Garden Visits - what inspires you!

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Anne Spiegel
Title: Member
Joined: 2010-01-26

Skulski wrote:

Yes, we have been having rather cold weather!  Supposedly, it should get above zero by Thursday... we'll see.
http://www.nucleus.com/~silverview/weather/trends.htm

This is not an inspiring picture, but it is our backyard in the twilight at ~3:40 pm yesterday....

Actually, Lori, I find this a very inspiring photo.  I wish my garden looked like this all winter long.  So much damage is done by the combination of winter winds, sun, and no snow cover -  not to mention last winter's unexpected thaws with rain.  Yuk!!

Lori S.
Title: Moderator
Joined: 2009-10-27

Anne, the last two winters have been unusually snowy, but we don't normally have lasting snow cover.  Who knows what this year will bring?

Lori
Calgary, Alberta, Canada - Zone 3
-30 C to +30 C (rarely!); elevation ~1130m; annual precipitation ~40 cm

Tim Ingram
Title: Member
Joined: 2011-04-27

I found this very inspiring thread on searching for somewhere to post a few pictures of friends gardens in Kent. We have quite wide ranging interests in our group, with one member (Mike Darvill) growing very few alpines but very many trees and shrubs! However, as someone who likes these too here are a few examples:

Pterostyrax hispida - very lovely in flower despite the wind having blown half of the flowers off the plant!
Rhododendron cinnabarinum - the flowers are over but what foliage! This plant was a gift from the very fine plantsman, Tom Wood, who ran Oakover Nursery in Kent and for a long time was the Secretary of the International Plant Propagator's Society. Mike and Tom both have a passion for woody plants, and notably Magnolias!
Cornus kousa 'Satomi' - A small plant but showing promise with its pink bracts.
Impatiens omeiana - A surprising plant that looks nowhere near hardy but here running around happily underground and with great foliage (Mike's garden is high up on the North Downs and was nowhere near as cold as ours this winter - but he does get very strong winds!).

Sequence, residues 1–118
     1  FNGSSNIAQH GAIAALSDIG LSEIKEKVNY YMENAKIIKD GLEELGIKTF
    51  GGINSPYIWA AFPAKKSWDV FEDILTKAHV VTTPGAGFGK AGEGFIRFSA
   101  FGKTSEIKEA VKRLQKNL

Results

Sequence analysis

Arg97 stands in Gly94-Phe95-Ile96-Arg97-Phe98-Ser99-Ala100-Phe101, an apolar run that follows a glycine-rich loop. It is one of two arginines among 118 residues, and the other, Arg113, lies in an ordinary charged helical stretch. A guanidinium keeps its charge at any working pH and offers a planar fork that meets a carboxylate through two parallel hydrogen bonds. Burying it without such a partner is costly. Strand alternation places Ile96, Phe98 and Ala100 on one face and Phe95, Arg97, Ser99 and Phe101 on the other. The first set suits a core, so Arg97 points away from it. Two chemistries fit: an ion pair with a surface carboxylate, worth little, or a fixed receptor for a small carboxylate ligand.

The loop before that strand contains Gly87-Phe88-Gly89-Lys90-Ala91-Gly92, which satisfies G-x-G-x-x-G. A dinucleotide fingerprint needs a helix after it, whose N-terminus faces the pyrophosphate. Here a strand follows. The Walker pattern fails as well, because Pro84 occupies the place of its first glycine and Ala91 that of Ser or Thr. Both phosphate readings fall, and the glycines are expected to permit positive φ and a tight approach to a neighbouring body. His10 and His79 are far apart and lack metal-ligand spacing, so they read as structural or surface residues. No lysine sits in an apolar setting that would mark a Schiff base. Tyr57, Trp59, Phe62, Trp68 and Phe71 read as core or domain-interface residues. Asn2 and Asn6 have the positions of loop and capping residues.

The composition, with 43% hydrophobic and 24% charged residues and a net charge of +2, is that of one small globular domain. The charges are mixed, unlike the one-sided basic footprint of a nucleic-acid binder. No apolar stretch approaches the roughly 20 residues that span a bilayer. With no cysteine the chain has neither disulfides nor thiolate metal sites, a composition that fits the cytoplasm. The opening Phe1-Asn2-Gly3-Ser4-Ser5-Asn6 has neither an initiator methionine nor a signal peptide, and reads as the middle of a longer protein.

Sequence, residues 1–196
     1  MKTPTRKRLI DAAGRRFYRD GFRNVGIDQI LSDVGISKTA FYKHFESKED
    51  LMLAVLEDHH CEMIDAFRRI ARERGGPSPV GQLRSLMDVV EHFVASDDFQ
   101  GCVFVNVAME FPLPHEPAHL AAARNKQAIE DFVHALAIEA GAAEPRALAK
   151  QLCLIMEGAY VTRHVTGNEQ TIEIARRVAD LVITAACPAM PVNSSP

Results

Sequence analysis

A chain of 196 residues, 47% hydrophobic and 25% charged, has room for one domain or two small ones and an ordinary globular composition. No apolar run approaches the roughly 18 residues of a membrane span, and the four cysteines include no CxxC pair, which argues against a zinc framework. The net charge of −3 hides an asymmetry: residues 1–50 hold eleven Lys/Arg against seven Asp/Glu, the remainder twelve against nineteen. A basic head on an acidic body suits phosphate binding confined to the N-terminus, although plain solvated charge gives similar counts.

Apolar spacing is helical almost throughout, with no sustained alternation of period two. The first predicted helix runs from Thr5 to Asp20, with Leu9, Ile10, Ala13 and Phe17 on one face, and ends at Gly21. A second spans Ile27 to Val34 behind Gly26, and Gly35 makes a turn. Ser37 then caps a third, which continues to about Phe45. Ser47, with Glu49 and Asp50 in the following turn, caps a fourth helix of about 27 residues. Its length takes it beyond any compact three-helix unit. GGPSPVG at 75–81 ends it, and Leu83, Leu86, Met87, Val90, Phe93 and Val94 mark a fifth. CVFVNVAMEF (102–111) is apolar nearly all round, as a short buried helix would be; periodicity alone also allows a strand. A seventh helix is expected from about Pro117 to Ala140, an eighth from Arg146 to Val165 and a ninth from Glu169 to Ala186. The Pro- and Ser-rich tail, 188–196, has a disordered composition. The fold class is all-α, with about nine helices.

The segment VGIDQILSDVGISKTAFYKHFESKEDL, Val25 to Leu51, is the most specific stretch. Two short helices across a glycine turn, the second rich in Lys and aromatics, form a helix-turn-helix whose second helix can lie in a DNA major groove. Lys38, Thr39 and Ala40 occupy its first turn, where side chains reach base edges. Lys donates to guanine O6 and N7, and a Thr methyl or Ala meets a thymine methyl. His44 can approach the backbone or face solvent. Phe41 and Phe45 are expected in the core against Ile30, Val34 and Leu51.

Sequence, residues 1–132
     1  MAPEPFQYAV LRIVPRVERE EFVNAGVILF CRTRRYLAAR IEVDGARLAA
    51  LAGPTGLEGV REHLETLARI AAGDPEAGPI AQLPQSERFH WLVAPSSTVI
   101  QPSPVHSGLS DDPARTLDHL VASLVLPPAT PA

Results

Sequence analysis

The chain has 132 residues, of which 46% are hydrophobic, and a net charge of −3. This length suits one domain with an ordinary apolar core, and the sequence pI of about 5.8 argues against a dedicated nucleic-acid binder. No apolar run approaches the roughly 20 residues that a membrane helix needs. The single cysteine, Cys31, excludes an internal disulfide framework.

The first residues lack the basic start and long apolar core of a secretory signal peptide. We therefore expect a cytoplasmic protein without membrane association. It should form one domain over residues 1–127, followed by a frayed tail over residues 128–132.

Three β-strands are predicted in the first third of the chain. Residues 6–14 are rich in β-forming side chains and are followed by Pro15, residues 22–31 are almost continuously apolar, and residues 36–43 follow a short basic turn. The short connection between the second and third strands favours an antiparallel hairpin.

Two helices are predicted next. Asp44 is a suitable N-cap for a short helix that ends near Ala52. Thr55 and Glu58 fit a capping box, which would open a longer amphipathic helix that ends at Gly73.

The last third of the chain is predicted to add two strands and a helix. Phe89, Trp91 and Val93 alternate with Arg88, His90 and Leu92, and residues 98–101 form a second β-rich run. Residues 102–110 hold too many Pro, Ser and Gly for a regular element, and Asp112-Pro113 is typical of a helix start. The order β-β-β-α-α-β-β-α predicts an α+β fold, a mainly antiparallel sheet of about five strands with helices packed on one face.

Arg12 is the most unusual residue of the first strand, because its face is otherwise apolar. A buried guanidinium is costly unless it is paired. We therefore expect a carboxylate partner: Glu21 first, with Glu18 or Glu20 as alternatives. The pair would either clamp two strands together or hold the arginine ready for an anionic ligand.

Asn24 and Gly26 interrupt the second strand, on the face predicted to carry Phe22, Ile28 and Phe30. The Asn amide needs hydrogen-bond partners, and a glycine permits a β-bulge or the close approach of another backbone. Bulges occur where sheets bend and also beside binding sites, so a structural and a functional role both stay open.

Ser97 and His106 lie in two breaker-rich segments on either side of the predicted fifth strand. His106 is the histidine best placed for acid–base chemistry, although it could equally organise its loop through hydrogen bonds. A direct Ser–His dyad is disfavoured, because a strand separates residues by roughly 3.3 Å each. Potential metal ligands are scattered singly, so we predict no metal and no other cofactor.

Dr. Timothy John Ingram
Faversham, Kent, UK
I garden in a relatively hot and dry region (for the UK!), with an annual rainfall of around 25", winter lows of -10°C and summer highs of 30°C.
 

Tim Ingram
Title: Member
Joined: 2011-04-27

Some more pictures, this time from Gill and Peter Regan's garden, not too far from the first one but in this case a mature (40 years old) woodland garden, gardened in a very natural way. Gill has a great interest in lilies and these are a few examples:

L. martagon cattaniae - a stunning deep mahogany-red form with very glossy petals
L. martagon hybrid - curious almost bicoloured form
L. monadelphum - I think one of the most beautiful lilies in the world. A Turkish species which I have tried to grow several times but never achieving its full potential. Gill and Peter's garden is on quite heavy clay soil with flints and holds moisture well into the summer.
General view of martagons self-seeding.

The garden has many other fascinating plants:

Nice combination of Indigofera potaninii and Clematis 'Etoile Rose'
A rather extraordinary shrub which I have only seen a couple of times - Coriaria terminalis var. xanthocarpa

Dr. Timothy John Ingram
Faversham, Kent, UK
I garden in a relatively hot and dry region (for the UK!), with an annual rainfall of around 25", winter lows of -10°C and summer highs of 30°C.
 

Tim Ingram
Title: Member
Joined: 2011-04-27

Apologies for the lack of photos - they didn't get through properly.

Dr. Timothy John Ingram
Faversham, Kent, UK
I garden in a relatively hot and dry region (for the UK!), with an annual rainfall of around 25", winter lows of -10°C and summer highs of 30°C.
 

Hoy
Hoy's picture
Title: Member
Joined: 2009-12-15

I feel at home in those gardens, Tim! Some familiar plants there. However no lilies has started blooming here yet.

I have a large patch of Impatiens omeiana. It is a very hardy but late flowering plant I often the flowers are damaged by frost in November.

Picture taken some years ago.

Trond